Girl with the Flaxen Hair, The (Moss)

From Wind Repertory Project
Claude Debussy

Claude Debussy (trans. John Moss)

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Subtitle: Solo for Alto Sax or English Horn with Band

General Info

Year: 1910 / 2007
Duration: c. 2:35
Difficulty: IV (see Ratings for explanation)
Original Medium: Piano
Publisher: Hal Leonard
Cost: Score and Parts (print) - $75.00   |   Score Only (print) - $7.50


Full Score
C Piccolo
Solo Alto Saxophone
Solo English Horn
B-flat Soprano Clarinet I-II-III
E-flat Alto Clarinet
B-flat Bass Clarinet
E-flat Contra Alto Clarinet
E-flat Alto Saxophone I-II
B-flat Tenor Saxophone
E-flat Baritone Saxophone
B-flat Trumpet I-II-III
Horn in F I-II-III-IV
Trombone I-II-III
String Bass
Percussion I-II

(percussion detail desired)


None discovered thus far.

Program Notes

Delicately scored and carefully paced, here is Debussy's beautiful lyric melody arranged as a solo vehicle for alto sax or English horn with concert band. A wonderful opportunity for exploring the rich romanticism of Debussy's music while providing an attractive setting for a standout soloist.

- Program Note from publisher

One of the most frequently excerpted preludes, La fille aux cheveux de lin (The Girl with the Flaxen Hair) is a return to the simple harmonies found in earlier works of Debussy. The work comes from the first of two books of piano preludes. Inspired by the poem of the same title by Leconte de Lisle from the collection Poèmes Antiques: Chansons Ecossaises, it is calm and lyrical, a stark contrast to mighty winds of the previous prelude in the set. The image is that of a young girl simply and softly singing of her daydreams, the opening motif reminiscent of the famous spinning wheel of the Gretchen tradition of the romantic period, recalling Schubert’s similar characterization of the young girl. The harmony presents an interesting combination of Impressionist techniques: the melody is pentatonic, however it is harmonized with diatonic chords. This very cleverly masks the oriental flavor of the pentatonic scale, and when combined with modal cadences, gives the prelude a folk-song like presence.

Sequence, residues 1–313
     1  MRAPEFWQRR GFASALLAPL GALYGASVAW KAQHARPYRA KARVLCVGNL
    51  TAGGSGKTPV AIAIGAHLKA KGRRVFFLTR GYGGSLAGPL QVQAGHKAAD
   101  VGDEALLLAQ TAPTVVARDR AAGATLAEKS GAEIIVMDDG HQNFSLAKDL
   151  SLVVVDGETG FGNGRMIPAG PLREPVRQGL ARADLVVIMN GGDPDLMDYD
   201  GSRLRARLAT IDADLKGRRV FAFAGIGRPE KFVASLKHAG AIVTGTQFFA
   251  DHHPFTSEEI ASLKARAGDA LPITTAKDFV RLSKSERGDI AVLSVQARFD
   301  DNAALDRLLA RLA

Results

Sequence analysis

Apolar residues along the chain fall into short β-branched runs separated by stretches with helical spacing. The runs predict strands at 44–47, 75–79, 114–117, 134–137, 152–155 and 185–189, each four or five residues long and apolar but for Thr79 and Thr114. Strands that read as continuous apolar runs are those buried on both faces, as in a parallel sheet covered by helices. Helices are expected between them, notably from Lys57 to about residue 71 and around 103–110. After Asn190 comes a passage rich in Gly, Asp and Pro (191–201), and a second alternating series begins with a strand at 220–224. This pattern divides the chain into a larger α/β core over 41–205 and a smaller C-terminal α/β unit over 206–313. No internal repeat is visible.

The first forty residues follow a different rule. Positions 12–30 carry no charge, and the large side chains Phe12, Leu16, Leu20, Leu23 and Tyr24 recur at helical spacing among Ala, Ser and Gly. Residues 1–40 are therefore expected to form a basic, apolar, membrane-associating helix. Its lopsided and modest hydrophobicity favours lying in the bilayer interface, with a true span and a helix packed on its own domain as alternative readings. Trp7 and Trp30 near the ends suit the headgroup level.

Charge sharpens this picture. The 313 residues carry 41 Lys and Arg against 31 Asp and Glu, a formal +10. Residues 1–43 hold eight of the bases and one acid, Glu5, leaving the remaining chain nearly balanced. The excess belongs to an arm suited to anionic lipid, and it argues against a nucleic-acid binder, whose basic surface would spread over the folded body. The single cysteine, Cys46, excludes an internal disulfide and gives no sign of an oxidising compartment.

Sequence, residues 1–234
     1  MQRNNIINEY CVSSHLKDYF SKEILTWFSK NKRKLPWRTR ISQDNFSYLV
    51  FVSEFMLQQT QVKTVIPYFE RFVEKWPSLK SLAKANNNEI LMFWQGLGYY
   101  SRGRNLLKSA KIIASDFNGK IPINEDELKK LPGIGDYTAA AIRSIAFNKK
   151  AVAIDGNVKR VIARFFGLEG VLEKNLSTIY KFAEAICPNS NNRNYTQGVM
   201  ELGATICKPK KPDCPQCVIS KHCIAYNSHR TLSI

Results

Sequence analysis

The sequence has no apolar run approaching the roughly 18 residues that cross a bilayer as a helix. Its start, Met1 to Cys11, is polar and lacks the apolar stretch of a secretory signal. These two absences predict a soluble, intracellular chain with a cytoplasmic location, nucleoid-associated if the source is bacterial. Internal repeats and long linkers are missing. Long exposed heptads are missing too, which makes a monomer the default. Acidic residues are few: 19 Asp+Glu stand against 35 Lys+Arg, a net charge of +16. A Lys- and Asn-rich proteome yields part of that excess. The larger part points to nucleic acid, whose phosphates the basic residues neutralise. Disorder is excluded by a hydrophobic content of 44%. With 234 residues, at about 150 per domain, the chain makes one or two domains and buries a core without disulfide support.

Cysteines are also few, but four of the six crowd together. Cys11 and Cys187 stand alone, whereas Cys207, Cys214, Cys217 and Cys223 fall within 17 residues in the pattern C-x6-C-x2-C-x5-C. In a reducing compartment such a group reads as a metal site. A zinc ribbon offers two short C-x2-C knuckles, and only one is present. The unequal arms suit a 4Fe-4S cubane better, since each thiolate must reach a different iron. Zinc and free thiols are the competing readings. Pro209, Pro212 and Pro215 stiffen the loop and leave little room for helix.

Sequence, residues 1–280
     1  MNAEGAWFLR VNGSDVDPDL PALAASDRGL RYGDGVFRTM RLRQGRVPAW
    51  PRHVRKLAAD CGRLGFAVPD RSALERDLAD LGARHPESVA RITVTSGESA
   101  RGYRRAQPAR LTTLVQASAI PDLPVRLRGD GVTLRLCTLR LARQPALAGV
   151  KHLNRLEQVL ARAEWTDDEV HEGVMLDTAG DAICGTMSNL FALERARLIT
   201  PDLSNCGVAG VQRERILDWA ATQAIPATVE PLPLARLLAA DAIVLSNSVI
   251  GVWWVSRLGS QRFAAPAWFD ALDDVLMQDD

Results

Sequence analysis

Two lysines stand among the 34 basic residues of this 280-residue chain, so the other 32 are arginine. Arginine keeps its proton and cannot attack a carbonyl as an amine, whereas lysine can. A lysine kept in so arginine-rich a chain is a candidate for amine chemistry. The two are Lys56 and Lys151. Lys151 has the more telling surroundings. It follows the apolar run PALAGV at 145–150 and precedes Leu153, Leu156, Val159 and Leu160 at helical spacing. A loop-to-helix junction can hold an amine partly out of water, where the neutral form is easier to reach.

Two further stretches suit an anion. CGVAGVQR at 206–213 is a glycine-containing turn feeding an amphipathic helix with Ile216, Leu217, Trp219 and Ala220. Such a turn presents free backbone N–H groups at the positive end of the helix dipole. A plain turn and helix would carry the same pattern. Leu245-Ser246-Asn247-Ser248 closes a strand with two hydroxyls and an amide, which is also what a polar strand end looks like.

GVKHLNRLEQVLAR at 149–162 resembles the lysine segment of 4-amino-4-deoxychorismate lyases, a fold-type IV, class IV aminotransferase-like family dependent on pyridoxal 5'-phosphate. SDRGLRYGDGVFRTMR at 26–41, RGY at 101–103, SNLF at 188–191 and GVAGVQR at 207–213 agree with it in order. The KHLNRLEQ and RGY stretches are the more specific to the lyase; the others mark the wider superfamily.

- Program Note from Michigan State University Wind Symphony concert program, 27 October 2016


State Ratings

None discovered thus far.


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